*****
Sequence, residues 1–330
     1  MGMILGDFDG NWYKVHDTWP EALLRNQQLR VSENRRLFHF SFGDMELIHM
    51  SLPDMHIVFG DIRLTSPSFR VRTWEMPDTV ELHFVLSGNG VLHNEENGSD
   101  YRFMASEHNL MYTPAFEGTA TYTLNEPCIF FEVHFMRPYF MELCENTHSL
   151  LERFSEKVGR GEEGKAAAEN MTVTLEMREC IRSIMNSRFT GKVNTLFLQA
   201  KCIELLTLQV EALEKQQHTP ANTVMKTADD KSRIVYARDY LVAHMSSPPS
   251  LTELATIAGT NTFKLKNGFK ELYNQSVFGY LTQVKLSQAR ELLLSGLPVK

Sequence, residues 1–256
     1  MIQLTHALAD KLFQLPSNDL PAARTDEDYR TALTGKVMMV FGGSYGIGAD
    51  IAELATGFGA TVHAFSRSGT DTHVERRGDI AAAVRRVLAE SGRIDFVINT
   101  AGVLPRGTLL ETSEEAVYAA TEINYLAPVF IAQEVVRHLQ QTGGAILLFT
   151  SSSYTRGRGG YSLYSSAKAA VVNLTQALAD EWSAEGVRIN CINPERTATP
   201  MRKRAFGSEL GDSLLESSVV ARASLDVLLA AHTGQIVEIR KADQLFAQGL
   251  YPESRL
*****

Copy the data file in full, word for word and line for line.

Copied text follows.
Sequence, residues 1–330
     1  MGMILGDFDG NWYKVHDTWP EALLRNQQLR VSENRRLFHF SFGDMELIHM
    51  SLPDMHIVFG DIRLTSPSFR VRTWEMPDTV ELHFVLSGNG VLHNEENGSD
   101  YRFMASEHNL MYTPAFEGTA TYTLNEPCIF FEVHFMRPYF MELCENTHSL
   151  LERFSEKVGR GEEGKAAAEN MTVTLEMREC IRSIMNSRFT GKVNTLFLQA
   201  KCIELLTLQV EALEKQQHTP ANTVMKTADD KSRIVYARDY LVAHMSSPPS
   251  LTELATIAGT NTFKLKNGFK ELYNQSVFGY LTQVKLSQAR ELLLSGLPVK

Sequence, residues 1–256
     1  MIQLTHALAD KLFQLPSNDL PAARTDEDYR TALTGKVMMV FGGSYGIGAD
    51  IAELATGFGA TVHAFSRSGT DTHVERRGDI AAAVRRVLAE SGRIDFVINT
   101  AGVLPRGTLL ETSEEAVYAA TEINYLAPVF IAQEVVRHLQ QTGGAILLFT
   151  SSSYTRGRGG YSLYSSAKAA VVNLTQALAD EWSAEGVRIN CINPERTATP
   201  MRKRAFGSEL GDSLLESSVV ARASLDVLLA AHTGQIVEIR KADQLFAQGL
   251  YPESRL